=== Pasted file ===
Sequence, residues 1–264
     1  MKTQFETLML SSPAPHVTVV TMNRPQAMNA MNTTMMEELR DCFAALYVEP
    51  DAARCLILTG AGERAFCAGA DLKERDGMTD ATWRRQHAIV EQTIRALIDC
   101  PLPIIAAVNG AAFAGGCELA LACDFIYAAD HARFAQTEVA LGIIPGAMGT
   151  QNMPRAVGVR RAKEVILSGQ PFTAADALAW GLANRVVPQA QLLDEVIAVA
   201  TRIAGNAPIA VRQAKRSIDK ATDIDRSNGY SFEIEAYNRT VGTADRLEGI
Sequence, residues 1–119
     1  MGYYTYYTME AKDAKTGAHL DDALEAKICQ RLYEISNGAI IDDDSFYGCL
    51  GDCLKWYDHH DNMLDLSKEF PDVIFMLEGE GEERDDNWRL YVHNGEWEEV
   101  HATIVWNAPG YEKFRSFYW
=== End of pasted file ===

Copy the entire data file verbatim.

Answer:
Sequence, residues 1–264
     1  MKTQFETLML SSPAPHVTVV TMNRPQAMNA MNTTMMEELR DCFAALYVEP
    51  DAARCLILTG AGERAFCAGA DLKERDGMTD ATWRRQHAIV EQTIRALIDC
   101  PLPIIAAVNG AAFAGGCELA LACDFIYAAD HARFAQTEVA LGIIPGAMGT
   151  QNMPRAVGVR RAKEVILSGQ PFTAADALAW GLANRVVPQA QLLDEVIAVA
   201  TRIAGNAPIA VRQAKRSIDK ATDIDRSNGY SFEIEAYNRT VGTADRLEGI
Sequence, residues 1–119
     1  MGYYTYYTME AKDAKTGAHL DDALEAKICQ RLYEISNGAI IDDDSFYGCL
    51  GDCLKWYDHH DNMLDLSKEF PDVIFMLEGE GEERDDNWRL YVHNGEWEEV
   101  HATIVWNAPG YEKFRSFYW